My home burned in the fire of eighty-six. My family, my friends, and my two goats died in that fire. Only six years old, I was left alone. My Papa had once told me that a man finds his strength in his independence. I did not know what that had meant. But now I do.

I am Jake. I am a man now. I am strong. When I see a small town with one gas station and two policemen, I know the place where I can take whatever I want.

The gas station owner cowered before me crying, “please, sir, take whatever you want. Please. Just leave us alone.”

I laughed at him before I shot him.

In the back room I found the owner’s wife. She begged me to leave too.

“Please, Jake, I have two children. Children need their mother. Please, Jake.”

I know a child does not need a mother.

I shot her in the stomach. A wailing baby cried upon her breast.

The police arrived after I left the gas station. They were quick with their work. They left nothing behind. They found the evidence I had left for them.

I applauded them from the roof of the gas station, keeping low so they could not see me.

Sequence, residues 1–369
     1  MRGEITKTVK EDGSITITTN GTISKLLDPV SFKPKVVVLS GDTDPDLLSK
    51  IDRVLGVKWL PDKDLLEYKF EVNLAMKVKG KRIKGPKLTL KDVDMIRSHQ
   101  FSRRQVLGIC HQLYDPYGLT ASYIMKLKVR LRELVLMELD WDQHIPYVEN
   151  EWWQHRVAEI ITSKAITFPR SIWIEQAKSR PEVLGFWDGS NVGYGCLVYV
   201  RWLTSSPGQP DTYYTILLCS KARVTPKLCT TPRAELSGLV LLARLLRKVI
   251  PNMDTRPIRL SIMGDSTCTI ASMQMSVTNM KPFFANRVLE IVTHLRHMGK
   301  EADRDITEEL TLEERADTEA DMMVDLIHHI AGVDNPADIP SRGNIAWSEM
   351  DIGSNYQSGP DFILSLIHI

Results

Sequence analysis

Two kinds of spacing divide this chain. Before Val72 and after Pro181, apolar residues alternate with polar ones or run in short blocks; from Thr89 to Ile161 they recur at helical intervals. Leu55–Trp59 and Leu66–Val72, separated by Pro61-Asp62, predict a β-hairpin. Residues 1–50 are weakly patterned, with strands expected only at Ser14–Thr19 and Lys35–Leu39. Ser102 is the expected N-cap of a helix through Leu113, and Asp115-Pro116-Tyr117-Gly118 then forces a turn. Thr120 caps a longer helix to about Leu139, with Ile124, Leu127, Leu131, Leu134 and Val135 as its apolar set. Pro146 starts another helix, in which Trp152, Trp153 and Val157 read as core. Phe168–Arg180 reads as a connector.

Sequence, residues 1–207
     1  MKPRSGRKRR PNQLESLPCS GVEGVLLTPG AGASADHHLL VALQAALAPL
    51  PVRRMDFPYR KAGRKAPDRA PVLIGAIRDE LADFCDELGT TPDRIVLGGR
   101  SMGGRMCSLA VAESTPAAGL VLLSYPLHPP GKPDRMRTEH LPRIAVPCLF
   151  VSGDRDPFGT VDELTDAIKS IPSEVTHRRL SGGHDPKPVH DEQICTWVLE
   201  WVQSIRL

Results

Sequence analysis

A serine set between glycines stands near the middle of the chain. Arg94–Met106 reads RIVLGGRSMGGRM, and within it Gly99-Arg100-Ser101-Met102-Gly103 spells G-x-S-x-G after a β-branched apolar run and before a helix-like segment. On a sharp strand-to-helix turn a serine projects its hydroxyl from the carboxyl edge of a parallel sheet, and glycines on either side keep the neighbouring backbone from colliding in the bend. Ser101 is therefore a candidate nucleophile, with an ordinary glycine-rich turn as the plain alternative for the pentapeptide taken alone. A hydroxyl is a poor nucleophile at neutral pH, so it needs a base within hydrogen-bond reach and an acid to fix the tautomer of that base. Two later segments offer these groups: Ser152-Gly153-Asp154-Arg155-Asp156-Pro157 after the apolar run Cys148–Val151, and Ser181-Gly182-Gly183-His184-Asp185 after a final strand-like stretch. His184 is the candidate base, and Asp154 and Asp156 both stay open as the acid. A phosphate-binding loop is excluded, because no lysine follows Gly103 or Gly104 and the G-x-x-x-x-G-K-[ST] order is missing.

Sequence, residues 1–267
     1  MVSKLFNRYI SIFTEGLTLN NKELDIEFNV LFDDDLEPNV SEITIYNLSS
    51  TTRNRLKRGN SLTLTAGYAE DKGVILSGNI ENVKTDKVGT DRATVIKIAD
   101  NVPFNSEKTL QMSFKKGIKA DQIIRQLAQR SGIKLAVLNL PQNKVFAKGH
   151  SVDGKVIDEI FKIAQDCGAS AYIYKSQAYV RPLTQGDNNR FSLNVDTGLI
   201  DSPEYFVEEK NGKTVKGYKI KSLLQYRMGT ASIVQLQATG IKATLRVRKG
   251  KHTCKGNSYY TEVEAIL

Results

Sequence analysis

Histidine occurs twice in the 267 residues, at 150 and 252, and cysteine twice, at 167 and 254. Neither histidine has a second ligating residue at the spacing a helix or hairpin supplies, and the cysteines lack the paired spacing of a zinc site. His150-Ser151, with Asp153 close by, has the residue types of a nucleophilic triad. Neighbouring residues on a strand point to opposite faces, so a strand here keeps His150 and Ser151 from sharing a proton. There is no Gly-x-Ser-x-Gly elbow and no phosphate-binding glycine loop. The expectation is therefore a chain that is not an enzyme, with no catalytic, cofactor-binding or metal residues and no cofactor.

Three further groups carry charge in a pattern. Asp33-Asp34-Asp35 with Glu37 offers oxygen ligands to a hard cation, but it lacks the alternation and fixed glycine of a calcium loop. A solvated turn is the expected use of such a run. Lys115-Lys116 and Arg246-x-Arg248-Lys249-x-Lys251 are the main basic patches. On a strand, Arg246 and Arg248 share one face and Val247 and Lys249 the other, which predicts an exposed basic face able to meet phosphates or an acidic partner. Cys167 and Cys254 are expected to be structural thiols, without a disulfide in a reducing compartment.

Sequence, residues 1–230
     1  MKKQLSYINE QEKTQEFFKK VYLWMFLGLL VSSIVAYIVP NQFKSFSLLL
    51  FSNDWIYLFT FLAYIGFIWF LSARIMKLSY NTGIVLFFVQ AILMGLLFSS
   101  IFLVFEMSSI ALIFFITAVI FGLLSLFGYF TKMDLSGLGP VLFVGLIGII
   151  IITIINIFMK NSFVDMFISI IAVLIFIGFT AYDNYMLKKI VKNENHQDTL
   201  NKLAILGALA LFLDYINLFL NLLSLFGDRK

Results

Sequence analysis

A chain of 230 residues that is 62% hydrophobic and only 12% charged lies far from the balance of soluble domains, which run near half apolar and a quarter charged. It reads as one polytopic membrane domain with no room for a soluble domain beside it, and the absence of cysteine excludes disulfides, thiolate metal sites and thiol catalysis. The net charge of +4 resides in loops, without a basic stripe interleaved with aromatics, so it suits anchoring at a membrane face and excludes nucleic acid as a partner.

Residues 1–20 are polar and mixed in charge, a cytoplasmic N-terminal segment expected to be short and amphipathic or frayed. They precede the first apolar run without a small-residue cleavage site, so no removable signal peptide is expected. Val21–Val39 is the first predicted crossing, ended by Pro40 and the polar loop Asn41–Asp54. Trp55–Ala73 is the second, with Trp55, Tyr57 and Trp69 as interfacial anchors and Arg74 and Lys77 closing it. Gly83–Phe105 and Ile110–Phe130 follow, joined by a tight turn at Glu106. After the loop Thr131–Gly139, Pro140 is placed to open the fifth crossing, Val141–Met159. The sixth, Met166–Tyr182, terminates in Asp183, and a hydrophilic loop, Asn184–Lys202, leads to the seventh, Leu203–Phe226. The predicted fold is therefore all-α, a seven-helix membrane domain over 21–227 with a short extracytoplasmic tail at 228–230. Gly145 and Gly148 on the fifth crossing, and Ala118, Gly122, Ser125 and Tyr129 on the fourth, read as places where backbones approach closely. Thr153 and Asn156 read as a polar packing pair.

“We know you’re up there, Jake. It is time for you to come down and face your destiny!” The young police officer shouted to me.

I smiled up at the clear sky. Lying on my back on top of a roof gave me a good sun tan. When people turned their faces to look at me for the last time they saw a chiseled, tan, dirty faced man. My beard did not grow like I wanted, so the tan gave me what my beard lacked.

“Come on down, Jake. Your time is up,” the old police officer shouted this time.

I laughed. My laugh carried down to the two officers. I leapt up and shot them with my fully loaded automatic shotgun. The rooftop of the gas station was only nine meters away from the ground: close range for my shotgun.

They died.

I leaped from the roof, grabbed the flag pole, and slid down. When my feet touched the ground it oozed with the police officers’s blood.

I spat yellow at their heads, “assholes.”

Then my knees collapsed beneath me. I stumbled but did not fall. The sound of a gun followed.
I looked to my navel and saw my own blood. My shotgun fell. My knees hit the ground. My face fell forward.

“You killed my daddy,” a young voice said behind me.

I turned around to see a shadow in the hot sun.

A little boy, six years old, spat on my face.

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